With Repacking Estimated to Cost $365 Million More Than in Fund, Some Eyes on Congress
The preliminary estimated expense of the post-incentive auction repacking of $2.12 billion (see 1707140054), $365 million more than the $1.75 billion reimbursement fund intended to cover those costs, drew some concerns even as the shortfall was less than some feared. That Incentive Auction Task Force number could change as broadcaster requirements and standards for what's reimbursable become clearer and a few submissions that hadn't been included from a small number of broadcasters and MVPDs are totaled. Having a deficit to cite is expected to bolster broadcaster lobbying efforts to have Congress increase the reimbursement fund amount, said Pillsbury broadcast attorney Scott Flick. Such legislation may come soon.
Legislation to address a funding shortfall could be filed in the Senate before the start of that chamber's August recess, with a bill dropping as soon as this week, industry lobbyists told us. Sen. Jerry Moran, R-Kan., is believed to be a leader in drafting the bill, they said. Moran led work on the draft Viewer Protection Act circulated in December (see 1612090054). Moran's office didn't comment. House Communications Subcommittee ranking member Frank Pallone, D-N.J., said he plans to file his own version of the bill this week.
FCC Chairman Ajit Pai also could seek a heftier reimbursement fund on broadcasters’ behalf, attorneys said. The agency didn’t comment on how Pai would proceed, but Commissioner Mike O’Rielly said he would support broadcasters in seeking more funds. “If it turns out that legitimate expenses exceed the statutory limit, which is not unreasonable to assume at this time, I have always said that I would be the first to make the case to Congress for additional funds,” O’Rielly said. “No broadcaster or MVPD, nor their viewers or listeners, should be harmed by the repack process."
The estimated cost of the repacking is based on the total of estimates submitted by broadcasters last week, before the FCC goes over the submissions and selects those it deems reimbursable. A broadcast attorney said has clients whose submissions included requests the FCC is unlikely to approve, and the process is likely to reduce the amount of the shortfall significantly.
Other broadcasters may need to adjust requests upward as the repacking progresses, NAB said. Since the filings Wednesday were estimates, they could change in practice, broadcasters said. Friday's number also includes some broadcasters with difficult repacking reassignments that likely will have their repack channels ultimately adjusted, an IATF spokesman said. In such situations, an alternate channel assignment could reduce the costs.
Even with the actual difference between costs and the reimbursement fund unclear, the numbers are close enough that broadcast attorneys see it as a positive for stations and the FCC. Asking Congress for $200 million or $300 million isn’t as heavy a lift as asking for half a billion, one attorney said. Going to Congress with requests that have a price tag attached is always difficult, Flick said. Since both broadcasters and wireless carriers want the repacking to proceed smoothly, it’s not immediately clear where opposition to a request for more repacking funds would come from, though it would mean less income for the Treasury from the incentive auction, an attorney said. The incentive auction generated $7 billion for the Treasury.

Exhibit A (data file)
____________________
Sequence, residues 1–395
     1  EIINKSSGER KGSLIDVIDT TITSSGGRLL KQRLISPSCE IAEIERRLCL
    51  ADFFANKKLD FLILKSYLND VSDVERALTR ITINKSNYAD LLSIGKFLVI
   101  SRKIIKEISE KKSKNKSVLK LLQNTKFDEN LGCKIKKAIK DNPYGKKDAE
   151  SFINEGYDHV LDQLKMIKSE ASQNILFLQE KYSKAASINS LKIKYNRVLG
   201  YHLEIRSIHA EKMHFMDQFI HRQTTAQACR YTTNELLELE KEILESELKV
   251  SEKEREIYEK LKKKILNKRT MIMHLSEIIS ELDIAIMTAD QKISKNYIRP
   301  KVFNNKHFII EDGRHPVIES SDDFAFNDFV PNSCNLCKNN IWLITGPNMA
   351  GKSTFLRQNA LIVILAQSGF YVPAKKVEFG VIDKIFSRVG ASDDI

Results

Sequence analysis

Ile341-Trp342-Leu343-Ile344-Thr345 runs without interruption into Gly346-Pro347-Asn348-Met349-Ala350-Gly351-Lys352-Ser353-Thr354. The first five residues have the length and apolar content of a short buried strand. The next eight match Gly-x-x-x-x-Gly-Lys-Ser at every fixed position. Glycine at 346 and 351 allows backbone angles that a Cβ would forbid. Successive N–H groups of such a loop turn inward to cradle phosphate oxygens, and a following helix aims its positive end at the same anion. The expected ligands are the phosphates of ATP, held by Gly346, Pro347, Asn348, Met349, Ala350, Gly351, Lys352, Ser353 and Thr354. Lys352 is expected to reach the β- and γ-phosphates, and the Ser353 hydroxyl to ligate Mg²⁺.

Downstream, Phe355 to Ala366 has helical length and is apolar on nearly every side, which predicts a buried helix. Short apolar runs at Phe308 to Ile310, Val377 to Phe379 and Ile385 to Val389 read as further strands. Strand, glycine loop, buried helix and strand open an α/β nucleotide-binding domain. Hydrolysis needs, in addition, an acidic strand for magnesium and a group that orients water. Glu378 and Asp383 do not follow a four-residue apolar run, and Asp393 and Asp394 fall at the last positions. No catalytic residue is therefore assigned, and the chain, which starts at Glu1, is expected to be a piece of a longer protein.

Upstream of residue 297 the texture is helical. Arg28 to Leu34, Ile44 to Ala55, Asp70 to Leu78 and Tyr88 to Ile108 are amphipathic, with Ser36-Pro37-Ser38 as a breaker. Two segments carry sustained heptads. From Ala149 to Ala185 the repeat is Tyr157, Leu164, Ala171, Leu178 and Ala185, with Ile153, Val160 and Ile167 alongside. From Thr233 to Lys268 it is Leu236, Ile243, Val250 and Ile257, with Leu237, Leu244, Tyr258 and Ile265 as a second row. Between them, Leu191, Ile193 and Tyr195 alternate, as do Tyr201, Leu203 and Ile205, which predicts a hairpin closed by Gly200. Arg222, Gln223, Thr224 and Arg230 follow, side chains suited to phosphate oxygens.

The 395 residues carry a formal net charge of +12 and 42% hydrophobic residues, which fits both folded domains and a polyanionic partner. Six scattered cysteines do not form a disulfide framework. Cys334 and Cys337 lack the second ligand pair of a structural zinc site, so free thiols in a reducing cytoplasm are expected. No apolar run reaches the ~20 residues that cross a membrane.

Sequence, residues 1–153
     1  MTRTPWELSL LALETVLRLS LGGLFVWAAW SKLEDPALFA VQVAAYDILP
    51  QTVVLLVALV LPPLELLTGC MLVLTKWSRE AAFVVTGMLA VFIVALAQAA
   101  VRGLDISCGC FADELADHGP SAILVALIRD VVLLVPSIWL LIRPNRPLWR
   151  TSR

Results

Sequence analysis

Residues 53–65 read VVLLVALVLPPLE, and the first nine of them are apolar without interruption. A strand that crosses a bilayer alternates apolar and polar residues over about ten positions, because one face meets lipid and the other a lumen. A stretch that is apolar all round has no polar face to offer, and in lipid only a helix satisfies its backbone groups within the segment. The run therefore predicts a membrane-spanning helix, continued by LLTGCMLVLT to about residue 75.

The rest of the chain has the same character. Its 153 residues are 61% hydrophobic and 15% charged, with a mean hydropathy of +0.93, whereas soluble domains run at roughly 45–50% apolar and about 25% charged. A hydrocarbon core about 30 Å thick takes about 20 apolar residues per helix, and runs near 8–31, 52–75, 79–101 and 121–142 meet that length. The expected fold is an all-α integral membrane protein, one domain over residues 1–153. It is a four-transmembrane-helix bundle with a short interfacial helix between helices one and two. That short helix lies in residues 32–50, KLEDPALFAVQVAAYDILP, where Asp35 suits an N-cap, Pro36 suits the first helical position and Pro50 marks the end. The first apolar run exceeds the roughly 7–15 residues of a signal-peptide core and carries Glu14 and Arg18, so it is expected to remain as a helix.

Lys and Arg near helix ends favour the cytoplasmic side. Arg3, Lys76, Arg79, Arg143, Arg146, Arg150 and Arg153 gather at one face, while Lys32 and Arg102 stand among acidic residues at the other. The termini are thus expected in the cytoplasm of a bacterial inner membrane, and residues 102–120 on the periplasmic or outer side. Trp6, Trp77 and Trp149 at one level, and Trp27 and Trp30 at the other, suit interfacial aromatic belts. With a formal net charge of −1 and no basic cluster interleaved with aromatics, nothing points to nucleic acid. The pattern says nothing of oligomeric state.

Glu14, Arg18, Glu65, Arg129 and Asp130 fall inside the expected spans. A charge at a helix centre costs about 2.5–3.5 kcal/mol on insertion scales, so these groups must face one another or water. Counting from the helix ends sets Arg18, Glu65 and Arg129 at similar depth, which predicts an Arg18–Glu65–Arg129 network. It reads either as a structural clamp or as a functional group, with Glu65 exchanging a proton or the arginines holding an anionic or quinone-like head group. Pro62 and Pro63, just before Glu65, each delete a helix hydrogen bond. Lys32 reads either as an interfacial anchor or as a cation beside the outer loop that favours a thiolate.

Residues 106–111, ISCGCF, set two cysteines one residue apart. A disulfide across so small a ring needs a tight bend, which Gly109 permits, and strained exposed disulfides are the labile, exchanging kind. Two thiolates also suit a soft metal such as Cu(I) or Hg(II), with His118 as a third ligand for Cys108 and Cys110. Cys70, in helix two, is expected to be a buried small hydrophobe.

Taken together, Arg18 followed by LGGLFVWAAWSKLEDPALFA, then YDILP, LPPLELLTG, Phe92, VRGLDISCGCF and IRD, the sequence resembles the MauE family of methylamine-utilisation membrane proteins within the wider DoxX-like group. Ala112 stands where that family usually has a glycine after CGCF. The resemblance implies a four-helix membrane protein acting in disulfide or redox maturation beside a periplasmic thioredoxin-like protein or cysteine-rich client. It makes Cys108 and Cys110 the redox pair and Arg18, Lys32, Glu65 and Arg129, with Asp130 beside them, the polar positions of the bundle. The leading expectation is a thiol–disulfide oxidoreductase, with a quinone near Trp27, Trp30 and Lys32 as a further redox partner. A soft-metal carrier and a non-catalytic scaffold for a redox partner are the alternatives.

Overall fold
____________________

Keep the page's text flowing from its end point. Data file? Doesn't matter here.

With a hard number to cite, NAB will have more ammunition in its push to have the reimbursement fund increased, industry lawyers said. The lobbying push is likely to gain more momentum when the IATF assigns each broadcaster its allocation of the reimbursement fund, since the difference between cost and reimbursement fund will have then crystallized, an attorney said. “NAB will work closely with Congress to address this issue, and to additionally ensure that no TV viewer or radio listener loses access,” said NAB CEO Gordon Smith. “Congress's passage of the voluntary broadcast TV incentive auction legislation was premised on a promise that no TV station would be punished for not participating in the auction.”
Increasing the amount of funds for the repacking might not be the only adjustment broadcasters need, Flick said. NAB seeks extension of the 39-month repacking deadline, but the legislative language on the reimbursement fund included a limit on how long the FCC has to reimburse broadcasters. If the repacking is lengthened and more money is added to the fund, legislators likely also would need to adjust that deadline, Flick said. Further pressure will be put on the repacking deadline later on in the process, when it becomes clearer that broadcasters aren’t going to meet it, a broadcast industry official said.
Early stages of the repacking are keeping broadcast engineers busy, said Bob du Treil, president of du Treil, Lundin. Since repacking construction permit applications and cost estimates were both due on the same day, engineers were spread thin in the industry, broadcast attorneys said. “Virtually all of the stations that needed to file a CP application did so by the deadline,” an IATF spokesman said: “Some -- less than a dozen -- experienced technical issues” but won’t be considered late-filed. Twenty-five petitions for waiver of the deadline from stations seeking to file in the priority window were granted, the IATF said.